National survey provides look at the state of school facilities

Survey findings released Feb. 15 by the National Center for Education Statistics (NCES) provide a snapshot of the state of aging school facilities nationwide.

Of the 1,625 public schools surveyed in December, the average age of the main instructional building is 49 years, with 38 percent constructed before 1970. Twenty-one percent of these buildings were constructed between 1970 and1999, and 20 percent between 2000 and now.

Among respondents, 47 percent said their main instructional building has undergone a major renovation since it was built, with 29 percent reporting this renovation has occurred since 2010. Additionally, 46 percent reported a major building replacement or addition to the school since it was built, with 26 percent reporting the replacement or addition has occurred since 2010.

At the time of the survey, 21 percent of school officials reported having major repair, renovation or modernization work currently being performed at their school.

“The condition of our school facilities plays a critical role in the education of more than 49 million U.S public school students,” said NCES Commissioner Peggy G. Carr. “School facilities provide a setting for learning and affect the health and comfort of the school’s students and staff. As such, these data provide insight into the current condition of our schools as the nation continues down the road to learning recovery.”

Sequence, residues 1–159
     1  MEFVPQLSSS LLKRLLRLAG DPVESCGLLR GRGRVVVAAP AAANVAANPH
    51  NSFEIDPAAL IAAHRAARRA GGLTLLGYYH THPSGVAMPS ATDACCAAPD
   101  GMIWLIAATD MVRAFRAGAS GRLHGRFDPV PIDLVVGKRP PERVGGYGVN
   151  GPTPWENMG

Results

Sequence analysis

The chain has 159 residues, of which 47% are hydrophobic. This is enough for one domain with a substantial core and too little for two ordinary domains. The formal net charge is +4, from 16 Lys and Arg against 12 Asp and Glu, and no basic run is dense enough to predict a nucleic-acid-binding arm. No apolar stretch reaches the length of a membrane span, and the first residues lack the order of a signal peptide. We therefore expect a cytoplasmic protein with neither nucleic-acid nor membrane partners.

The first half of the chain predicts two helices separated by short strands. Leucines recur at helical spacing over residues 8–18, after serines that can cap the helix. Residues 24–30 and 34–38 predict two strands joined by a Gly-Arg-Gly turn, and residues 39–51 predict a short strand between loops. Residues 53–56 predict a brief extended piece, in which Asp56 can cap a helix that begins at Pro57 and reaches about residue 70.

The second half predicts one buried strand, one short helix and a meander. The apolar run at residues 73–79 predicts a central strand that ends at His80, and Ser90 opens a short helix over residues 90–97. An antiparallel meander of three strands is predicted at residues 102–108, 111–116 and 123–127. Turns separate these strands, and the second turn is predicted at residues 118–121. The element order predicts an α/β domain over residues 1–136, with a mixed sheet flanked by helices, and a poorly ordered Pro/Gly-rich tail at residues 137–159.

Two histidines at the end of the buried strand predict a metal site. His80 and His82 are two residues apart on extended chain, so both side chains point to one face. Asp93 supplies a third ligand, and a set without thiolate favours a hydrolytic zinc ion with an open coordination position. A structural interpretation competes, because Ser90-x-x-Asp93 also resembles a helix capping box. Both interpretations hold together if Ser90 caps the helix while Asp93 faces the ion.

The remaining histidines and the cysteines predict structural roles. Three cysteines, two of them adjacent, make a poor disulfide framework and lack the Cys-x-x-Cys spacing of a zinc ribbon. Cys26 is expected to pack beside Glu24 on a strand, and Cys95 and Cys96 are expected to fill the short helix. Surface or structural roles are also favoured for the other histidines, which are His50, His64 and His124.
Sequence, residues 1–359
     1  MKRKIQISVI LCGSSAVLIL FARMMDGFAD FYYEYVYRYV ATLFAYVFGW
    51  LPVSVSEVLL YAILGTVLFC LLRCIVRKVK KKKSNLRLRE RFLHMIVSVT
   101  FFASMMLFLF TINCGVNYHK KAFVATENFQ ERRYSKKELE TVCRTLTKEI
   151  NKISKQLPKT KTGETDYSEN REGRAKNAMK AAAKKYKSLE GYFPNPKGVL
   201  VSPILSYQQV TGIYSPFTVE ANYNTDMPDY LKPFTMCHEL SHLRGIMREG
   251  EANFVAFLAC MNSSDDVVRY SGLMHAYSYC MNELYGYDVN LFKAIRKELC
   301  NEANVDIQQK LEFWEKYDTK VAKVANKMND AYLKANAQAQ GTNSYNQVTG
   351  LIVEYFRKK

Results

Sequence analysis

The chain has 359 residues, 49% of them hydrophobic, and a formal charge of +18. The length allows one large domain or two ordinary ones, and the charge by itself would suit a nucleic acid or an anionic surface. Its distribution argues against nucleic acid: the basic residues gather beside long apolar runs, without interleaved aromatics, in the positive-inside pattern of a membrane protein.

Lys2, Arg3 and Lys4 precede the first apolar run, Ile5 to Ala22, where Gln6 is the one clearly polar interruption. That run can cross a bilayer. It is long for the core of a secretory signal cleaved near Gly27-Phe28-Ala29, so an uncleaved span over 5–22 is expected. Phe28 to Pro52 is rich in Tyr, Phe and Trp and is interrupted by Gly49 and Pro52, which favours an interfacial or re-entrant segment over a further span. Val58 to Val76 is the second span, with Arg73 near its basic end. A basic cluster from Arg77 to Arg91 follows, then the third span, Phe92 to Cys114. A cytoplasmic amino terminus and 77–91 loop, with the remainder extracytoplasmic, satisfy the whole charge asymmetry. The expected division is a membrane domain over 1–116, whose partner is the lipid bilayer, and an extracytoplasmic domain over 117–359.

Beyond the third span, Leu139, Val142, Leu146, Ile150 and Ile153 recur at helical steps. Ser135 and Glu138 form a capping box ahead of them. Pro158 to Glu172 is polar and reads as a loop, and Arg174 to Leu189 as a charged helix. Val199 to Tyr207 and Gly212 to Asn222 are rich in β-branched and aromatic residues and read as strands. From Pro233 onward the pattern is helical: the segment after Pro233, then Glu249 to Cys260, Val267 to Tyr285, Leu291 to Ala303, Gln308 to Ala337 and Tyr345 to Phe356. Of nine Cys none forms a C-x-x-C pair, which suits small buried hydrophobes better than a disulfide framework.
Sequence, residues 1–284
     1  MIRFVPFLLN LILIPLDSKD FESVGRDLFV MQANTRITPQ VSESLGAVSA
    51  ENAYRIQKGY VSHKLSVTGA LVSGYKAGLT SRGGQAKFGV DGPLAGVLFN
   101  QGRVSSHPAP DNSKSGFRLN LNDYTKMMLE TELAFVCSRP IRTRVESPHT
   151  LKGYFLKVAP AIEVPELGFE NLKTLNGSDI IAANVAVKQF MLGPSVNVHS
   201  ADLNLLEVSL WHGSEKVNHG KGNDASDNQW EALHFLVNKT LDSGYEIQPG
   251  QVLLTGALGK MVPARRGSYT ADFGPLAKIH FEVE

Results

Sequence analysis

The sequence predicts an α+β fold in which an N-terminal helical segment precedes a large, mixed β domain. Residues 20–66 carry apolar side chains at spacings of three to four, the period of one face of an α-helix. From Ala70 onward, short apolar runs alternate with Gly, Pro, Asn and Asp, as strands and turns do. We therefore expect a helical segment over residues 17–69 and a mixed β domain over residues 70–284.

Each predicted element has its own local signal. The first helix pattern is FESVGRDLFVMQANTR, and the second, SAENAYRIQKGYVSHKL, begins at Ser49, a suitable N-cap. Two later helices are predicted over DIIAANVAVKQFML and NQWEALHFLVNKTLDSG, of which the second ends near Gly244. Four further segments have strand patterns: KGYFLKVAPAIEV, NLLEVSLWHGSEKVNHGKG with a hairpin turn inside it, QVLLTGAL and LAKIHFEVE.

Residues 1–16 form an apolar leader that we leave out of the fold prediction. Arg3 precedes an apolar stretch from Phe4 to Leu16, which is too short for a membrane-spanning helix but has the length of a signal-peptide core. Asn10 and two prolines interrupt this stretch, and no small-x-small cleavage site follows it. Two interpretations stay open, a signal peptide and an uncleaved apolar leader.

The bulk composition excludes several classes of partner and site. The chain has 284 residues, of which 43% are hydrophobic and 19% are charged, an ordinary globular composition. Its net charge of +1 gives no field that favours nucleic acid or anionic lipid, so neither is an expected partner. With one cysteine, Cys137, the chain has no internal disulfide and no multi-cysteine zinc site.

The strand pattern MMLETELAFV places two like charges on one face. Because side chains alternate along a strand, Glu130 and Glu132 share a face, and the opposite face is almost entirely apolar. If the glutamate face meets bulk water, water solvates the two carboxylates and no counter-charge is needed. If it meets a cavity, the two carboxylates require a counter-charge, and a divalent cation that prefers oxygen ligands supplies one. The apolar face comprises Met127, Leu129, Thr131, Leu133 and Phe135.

The COVID-19 pandemic demonstrated the importance of indoor air quality, prompting the federal government to make new investments supporting efforts among K-12 leaders to improve and outfit building systems that affect ventilation, heating and air conditioning.

Air quality improvement efforts among those who responded to Results from the NCES survey saw schools attempted to improve air quality from different angles. For example, 60 percent reported having designated vehicle loading and unloading areas at least 25 feet from building air intakes, including doors and windows, with 81 percent reporting that they have an anti-idling program in place, which includes signage and active monitoring, during pick up and drop off. And 39 percent of public schools said they have an indoor air quality coordinator who monitors air quality conditions at the school and reports air quality issues and complaints.

Other key findings
  • Nearly one-third (31 percent) of public schools have one or more non-permanent/portable buildings in use.
  • Most public schools have dedicated library space available (89 percent), but those with the following characteristics were more likely to report having dedicated library space available:
    • Those with 500-999 students enrolled (96 percent)
    • Those where 25 percent or less of the student body was made up of students of color (96 percent)
    • Those in rural areas (94 percent)
    • Those with between 300-499 students (93 percent)
    • Elementary schools (93 percent)
    • Those in low-poverty neighborhoods (92 percent)
  • Schools less likely to report having dedicated library space available compared to the national average include those:
    • In cities (84 percent)
    • In high-poverty neighborhoods (81 percent)
    • With a student body made up of 76 percent or more students of color (80 percent)
    • Serving high/secondary school-aged youth (80 percent)
    • With fewer than 300 students (77 percent)
  • Nearly all public schools (93 percent) reported having some kind of athletic amenities on-site, including:
    • A gymnasium (69 percent)
    • An all-purpose grass field (68 percent)
    • An outdoor basketball court (56 percent)
    • Baseball/softball fields (38 percent)
    • A weight room (29 percent)
    • An outdoor track (28 percent)